Things have been nothing short of 'manic' lately.
These past few months have been very busy and I've found it difficult to find time to dedicate to the next assignment. However this being said, I do already have a whole range of images I need to sort into some kind of order and get moving which should progress me at least halfway through, so there is light at the end of tunnel … I just need to prioritize my work load!
That being said, I have been quite busy with my photography is another capacity, of which I am quite proud of.
I’ve been working with and supplying the ‘Snow Leopard Trust’ some of my photographs for their advertising and merchandise, working towards greater awareness for these endangered cats and helping their conservation.
Using imagery to spark awareness is one of the most effective ways at appealing to the public and spreading the word, by helping make people aware of the issues that are so often overlooked.
This has, from what I am told, gone down extremely well and the response to their cause has increased which is fantastic for all concerned, epically the snow leopard. Within the next 2 weeks we will also hear if they have won and/or come in the top 3 of the BBC World Challenge, which again my photographs have been used to aid the cause.
Other projects keeping me busy have been on a similar track, offering my photographs for advertising and commercial use to my local wildlife park, Marwell and Cotswolds Wildlife Park, both of which carryout fantastic conservation work.
I’ve have also taken it upon myself to create and publicize my own ‘coffee table’ style wildlife book, which can be seen here:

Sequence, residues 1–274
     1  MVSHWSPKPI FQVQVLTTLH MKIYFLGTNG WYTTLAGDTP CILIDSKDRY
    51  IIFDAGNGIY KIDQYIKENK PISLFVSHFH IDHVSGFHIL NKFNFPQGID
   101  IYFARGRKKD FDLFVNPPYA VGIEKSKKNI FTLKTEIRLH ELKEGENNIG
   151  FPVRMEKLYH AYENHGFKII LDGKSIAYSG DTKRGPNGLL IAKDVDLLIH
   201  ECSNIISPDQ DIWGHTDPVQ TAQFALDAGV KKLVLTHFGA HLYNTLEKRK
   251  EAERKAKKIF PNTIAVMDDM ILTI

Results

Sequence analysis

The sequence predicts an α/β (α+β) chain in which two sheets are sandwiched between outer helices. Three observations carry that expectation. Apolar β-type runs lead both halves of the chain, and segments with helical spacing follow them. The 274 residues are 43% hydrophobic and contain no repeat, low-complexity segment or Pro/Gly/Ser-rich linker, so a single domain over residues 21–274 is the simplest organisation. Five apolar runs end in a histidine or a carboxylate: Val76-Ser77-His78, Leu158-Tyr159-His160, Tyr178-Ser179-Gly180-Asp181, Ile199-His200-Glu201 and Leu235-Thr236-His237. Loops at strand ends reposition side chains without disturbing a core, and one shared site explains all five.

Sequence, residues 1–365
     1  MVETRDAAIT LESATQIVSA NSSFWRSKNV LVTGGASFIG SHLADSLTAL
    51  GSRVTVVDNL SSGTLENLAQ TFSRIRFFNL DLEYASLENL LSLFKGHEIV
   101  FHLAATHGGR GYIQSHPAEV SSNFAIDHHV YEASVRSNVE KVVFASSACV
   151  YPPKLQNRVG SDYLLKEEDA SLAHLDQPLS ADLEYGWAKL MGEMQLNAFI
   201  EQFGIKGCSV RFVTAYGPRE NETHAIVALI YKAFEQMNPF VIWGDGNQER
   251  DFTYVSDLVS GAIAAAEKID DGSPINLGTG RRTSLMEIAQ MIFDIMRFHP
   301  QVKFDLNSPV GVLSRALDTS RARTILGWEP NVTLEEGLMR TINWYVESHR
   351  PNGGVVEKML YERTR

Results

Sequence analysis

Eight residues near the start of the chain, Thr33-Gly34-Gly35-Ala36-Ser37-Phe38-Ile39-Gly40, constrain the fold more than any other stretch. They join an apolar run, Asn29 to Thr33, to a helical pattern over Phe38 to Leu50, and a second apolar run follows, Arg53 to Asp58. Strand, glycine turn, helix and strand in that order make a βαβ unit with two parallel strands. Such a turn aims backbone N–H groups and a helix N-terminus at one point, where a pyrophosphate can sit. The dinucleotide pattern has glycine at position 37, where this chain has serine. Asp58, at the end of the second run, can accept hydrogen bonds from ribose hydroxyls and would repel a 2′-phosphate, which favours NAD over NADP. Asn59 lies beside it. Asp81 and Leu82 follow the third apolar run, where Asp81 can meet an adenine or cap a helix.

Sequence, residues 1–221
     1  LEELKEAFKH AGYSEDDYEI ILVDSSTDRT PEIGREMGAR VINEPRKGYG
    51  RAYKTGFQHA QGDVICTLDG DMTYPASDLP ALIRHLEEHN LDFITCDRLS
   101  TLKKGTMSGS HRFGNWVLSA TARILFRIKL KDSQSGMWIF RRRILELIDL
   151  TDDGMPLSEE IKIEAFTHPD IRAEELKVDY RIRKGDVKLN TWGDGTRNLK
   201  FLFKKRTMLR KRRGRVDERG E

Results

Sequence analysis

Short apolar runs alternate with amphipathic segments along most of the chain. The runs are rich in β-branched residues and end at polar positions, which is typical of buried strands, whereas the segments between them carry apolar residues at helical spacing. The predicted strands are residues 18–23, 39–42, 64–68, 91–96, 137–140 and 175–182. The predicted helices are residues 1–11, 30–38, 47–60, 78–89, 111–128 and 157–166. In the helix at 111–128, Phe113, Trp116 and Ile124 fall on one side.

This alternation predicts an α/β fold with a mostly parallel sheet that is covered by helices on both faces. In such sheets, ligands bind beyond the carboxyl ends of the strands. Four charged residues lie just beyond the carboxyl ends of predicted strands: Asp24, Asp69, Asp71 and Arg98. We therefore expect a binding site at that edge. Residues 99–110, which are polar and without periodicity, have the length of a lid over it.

So, over the past few months, having a cause, a reason has greatly increased my appreciation for both photography and wildlife. I’m disappointed I haven’t been able to progress my course, but I will, that’s the beauty of it being part-time.
Last of all, I’d just like to say this final statement:
“Sit back and imagine a world without the diverse wildlife we have, imagine waking up on a spring morning without the beautiful sound of birds singing in the trees. Not being able to take your child to a zoo to see their first tiger in the flesh, to hear its roar and witness the sheer power and presence of these magnificent animals. They are not there on show, but are part of a greater conservation effort. It’s now when you realise that we must act, to do what we can do to help.
With the obvious conclusion that we as a species could not survive without animals and insects, they have a right to be here and to be protected from us, who are their main source of distinction.”